We get to start today’s article with a quiz – 1,000 bonus points to anyone that can tell me the first recorded instance of use of a fly rod and artificial fly in the American West. Hint, it was July 8, 1847.
Wilford Woodruff had recently returned from his mission trip to England (where fly fishing was invented and perfected). There, he learned the art of fly fishing and came to love it so much he bought a rod and flies to bring with him to America. He was with the expedition company for the Mormon Pioneers in Fort Bridger, Wyoming.
At the old stockade, the company took a day to rest, and Wilford Woodruff rigged up his rod and headed out. His journal entry that night is one of my favorite passages of literature of all time. He says:
“I went & flung my fly onto the water And it being the first time that I ever tried the Artificial fly in America, or ever saw it tried, I watched it as it floated upon the water with as much intense interest As Franklin did his kite when he tried to draw lightning from the skies. And as Franklin received great Joy when he saw electricity or lightning descend on his kite string in like manner was I highly gratified when I saw the nimble trout dart my fly hook himself & run away with the line but I soon worried him out & drew him to shore.”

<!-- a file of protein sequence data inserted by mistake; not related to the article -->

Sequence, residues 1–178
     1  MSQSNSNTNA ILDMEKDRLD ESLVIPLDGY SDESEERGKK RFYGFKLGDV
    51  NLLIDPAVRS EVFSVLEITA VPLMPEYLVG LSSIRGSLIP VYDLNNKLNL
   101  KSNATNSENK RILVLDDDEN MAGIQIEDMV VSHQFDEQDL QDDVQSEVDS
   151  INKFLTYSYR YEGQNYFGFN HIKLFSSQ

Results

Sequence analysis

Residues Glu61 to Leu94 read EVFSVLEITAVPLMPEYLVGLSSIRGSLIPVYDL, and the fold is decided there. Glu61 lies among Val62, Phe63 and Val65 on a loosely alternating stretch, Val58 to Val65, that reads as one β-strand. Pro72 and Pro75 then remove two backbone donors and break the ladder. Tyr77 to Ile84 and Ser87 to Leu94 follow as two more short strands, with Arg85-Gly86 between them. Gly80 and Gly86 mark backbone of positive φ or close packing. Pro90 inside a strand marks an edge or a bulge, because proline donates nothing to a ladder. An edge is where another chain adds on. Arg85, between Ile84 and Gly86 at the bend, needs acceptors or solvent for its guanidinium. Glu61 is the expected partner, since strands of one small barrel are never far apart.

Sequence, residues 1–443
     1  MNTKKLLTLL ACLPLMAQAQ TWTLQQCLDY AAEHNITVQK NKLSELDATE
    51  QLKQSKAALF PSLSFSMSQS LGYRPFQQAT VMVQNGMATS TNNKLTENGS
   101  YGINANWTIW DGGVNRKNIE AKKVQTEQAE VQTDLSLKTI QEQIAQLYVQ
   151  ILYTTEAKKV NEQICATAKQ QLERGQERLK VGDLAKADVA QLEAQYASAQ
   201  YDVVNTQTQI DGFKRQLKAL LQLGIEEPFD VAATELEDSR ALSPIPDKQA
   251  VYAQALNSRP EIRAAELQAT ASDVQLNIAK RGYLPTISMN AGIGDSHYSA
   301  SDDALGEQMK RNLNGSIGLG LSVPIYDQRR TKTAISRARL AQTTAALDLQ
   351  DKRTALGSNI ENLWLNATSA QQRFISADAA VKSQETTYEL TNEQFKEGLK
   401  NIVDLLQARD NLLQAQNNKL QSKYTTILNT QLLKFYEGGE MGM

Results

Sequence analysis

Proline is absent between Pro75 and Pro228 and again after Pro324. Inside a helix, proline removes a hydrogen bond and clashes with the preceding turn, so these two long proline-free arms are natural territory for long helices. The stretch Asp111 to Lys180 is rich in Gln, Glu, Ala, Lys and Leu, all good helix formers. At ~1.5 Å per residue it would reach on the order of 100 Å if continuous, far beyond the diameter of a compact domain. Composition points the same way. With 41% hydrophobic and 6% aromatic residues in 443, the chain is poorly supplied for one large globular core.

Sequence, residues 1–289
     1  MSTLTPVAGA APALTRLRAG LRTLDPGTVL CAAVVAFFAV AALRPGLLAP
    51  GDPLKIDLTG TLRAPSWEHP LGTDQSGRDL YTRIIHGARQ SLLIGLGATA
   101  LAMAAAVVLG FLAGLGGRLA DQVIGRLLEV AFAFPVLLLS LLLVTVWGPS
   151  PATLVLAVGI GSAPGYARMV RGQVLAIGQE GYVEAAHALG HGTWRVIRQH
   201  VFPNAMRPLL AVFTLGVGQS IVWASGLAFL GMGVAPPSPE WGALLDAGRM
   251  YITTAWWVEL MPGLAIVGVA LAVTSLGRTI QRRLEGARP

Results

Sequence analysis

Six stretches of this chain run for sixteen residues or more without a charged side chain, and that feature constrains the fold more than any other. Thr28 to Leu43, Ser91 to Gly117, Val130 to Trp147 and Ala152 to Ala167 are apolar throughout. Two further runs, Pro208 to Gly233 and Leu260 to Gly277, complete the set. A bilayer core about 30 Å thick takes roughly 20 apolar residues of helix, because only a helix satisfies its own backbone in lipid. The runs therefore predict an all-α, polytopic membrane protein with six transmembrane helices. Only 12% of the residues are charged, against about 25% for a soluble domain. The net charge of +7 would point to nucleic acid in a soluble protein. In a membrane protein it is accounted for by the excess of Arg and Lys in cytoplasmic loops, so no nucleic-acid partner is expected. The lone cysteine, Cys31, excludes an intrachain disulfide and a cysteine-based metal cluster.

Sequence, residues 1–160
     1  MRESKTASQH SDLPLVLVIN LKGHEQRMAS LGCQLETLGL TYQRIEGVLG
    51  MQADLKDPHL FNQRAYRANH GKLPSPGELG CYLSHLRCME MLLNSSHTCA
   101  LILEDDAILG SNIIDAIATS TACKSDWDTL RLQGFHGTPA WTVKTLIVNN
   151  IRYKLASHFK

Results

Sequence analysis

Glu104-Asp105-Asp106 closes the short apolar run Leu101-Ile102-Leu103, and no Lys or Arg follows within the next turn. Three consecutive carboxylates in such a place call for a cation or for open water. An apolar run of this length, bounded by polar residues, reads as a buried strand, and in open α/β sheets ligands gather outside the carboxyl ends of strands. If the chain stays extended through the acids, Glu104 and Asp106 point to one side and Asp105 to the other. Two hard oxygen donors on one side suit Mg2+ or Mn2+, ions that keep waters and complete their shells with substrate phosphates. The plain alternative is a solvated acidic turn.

Woodruff continues that he fished the Black’s Fork River in Fort Bridger for three hours, catching 12 fish. That is the same river and the same location that I grew up fishing. Whenever I get the chance, I love to go back to that spot and imagine Wilford Woodruff coming back to camp to show off his catch.
This past week, I was able to attend a family reunion up in the Snowy Range Mountains. I took many of my nieces and nephews out on the creek to teach them how to catch fish with the “artificial fly.” Most of them had never caught a fish before, and all of them had never used the fly.
I watched their faces as they concentrated on that fly, and watched the excitement and pure exhilaration as they saw the nimble trout dart at their fly and hook themselves. We had a fabulous week. Everyone that wanted to catch fish caught as many as they wanted. One niece that was particularly excited about fishing said, “Thank you, Uncle Matt. This is the best thing that has ever happened to me.”
It has been almost three years ago that the paper approached me and asked me to start writing a monthly column on Wyoming politics. This month, I just cannot do it. When did it become that everything is about politics all the time?
My political advice for this month is to take a break. Shut off your phone. Turn off Facebook. Delete Twitter entirely. Go to the mountains. Get away from the division and the vitriol and constant drumbeat of people trying to manipulate us to hate each other. Go on a hike. Go on a picnic. Take your niece fishing. Watch a nimble trout dart at your fly. Life is infinitely better.